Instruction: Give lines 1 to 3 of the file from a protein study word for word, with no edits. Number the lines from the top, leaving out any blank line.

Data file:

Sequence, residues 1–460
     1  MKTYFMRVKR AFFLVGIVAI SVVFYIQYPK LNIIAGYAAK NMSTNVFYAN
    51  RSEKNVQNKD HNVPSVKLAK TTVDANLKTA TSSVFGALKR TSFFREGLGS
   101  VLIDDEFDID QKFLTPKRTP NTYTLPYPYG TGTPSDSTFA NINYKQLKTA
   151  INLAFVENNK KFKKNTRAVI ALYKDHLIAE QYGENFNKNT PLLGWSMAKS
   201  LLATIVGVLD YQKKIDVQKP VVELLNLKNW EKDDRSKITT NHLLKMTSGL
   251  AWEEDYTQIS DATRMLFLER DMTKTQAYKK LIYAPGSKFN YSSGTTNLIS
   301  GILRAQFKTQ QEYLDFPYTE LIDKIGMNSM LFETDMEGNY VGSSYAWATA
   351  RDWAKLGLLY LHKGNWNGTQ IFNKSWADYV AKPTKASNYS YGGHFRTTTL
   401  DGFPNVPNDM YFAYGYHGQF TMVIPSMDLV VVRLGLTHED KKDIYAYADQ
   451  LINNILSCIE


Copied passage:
Sequence, residues 1–460
     1  MKTYFMRVKR AFFLVGIVAI SVVFYIQYPK LNIIAGYAAK NMSTNVFYAN
    51  RSEKNVQNKD HNVPSVKLAK TTVDANLKTA TSSVFGALKR TSFFREGLGS